I suppose we could argue for days about what is the worst abuse a nonprofit could heap upon its donors, and certainly ethical breeches would be right at the top. However, I contend that boring donors to death comes in slightly below that. It's not illegal — but it probably should be.
Are you guilty of this in your fundraising? Have lean staffs, tight budgets and too long of a to-do list made it OK to be less than exciting when you talk to your donors? Here are some of the propagators of boredom I keep seeing in donor communication.
Culprit No. 1: Newsletters that have everything ... but news
Are you telling your donors something they don't already know in your newsletter? Or have you fallen prey to filling pages with filler? You know what I mean — lists of donors giving memorial gifts in eight-point type, updates that repeat what you've already said instead of providing new results or letters from donors that have been edited to sound like paid advertisements.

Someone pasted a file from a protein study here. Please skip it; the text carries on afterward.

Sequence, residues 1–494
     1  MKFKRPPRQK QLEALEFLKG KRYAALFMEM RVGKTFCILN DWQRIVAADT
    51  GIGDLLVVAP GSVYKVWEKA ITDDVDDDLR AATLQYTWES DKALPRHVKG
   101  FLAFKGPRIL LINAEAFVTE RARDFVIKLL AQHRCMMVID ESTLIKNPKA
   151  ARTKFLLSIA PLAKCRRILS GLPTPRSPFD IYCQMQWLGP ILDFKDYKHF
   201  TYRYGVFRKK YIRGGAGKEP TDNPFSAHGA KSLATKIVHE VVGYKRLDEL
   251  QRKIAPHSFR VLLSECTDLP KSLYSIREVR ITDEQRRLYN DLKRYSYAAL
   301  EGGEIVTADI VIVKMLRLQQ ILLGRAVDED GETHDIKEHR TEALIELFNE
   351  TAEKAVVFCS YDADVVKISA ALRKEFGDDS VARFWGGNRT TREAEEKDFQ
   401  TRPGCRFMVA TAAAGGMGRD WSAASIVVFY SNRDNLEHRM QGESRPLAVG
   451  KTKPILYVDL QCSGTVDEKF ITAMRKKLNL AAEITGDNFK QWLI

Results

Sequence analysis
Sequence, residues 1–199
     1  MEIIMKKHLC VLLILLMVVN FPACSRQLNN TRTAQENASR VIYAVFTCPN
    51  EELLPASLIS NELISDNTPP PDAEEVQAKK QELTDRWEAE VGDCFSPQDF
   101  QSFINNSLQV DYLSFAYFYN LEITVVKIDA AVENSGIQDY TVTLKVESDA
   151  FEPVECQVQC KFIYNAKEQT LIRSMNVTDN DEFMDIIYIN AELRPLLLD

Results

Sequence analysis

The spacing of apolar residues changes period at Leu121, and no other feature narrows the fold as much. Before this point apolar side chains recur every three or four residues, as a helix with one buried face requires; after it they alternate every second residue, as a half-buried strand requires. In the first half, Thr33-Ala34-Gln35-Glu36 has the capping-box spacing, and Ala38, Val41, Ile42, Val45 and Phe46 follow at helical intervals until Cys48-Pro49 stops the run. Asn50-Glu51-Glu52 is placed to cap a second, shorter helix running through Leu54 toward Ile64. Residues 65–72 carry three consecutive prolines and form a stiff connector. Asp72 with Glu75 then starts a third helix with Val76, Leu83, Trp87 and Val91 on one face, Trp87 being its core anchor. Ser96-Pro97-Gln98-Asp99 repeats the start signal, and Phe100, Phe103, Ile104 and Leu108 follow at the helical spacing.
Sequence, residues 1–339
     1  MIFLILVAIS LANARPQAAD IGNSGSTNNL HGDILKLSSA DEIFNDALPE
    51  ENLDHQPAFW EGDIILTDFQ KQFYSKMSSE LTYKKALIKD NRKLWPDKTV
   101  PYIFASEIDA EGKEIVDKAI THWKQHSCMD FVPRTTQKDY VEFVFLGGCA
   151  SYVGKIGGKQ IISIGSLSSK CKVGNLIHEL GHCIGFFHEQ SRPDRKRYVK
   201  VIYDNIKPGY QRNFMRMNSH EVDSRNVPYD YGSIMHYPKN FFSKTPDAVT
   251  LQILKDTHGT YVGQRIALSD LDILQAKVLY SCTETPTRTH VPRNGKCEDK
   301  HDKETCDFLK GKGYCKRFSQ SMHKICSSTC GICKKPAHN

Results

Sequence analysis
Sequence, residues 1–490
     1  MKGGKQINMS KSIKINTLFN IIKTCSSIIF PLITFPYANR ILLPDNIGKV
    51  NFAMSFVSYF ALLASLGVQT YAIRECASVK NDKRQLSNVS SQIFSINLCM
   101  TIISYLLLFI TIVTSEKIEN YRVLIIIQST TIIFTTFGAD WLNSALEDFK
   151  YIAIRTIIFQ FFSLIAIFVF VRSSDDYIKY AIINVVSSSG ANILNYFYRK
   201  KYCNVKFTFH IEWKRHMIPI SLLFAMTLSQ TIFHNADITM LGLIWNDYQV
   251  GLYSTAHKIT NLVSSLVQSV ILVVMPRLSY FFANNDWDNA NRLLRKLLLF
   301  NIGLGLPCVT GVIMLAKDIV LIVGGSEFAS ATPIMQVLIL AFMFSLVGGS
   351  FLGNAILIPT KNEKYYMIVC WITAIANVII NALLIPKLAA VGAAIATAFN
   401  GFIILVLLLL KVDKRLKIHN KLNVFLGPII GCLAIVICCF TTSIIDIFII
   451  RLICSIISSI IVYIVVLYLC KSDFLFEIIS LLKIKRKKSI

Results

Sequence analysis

Instead, report on the project you were raising money for last quarter. Did you meet the goal? If not, can they still support it? What was the outcome of the event you promoted or the program you launched for those you serve? Make sure there is plenty of "I didn't know that!" news if you expect your donors to look forward to your updates.
Culprit No. 2: Websites that are tragically out of date
"Click here to learn more about our event!" So I do — and you're inviting me to register for an event that was six months ago. Or the last blog post on your site was a year (or more) ago. Photos aren't changing, so I wonder if you're still in business.
Pamela Barden is an independent fundraising consultant focused on direct response. You can read more of her fundraising columns here.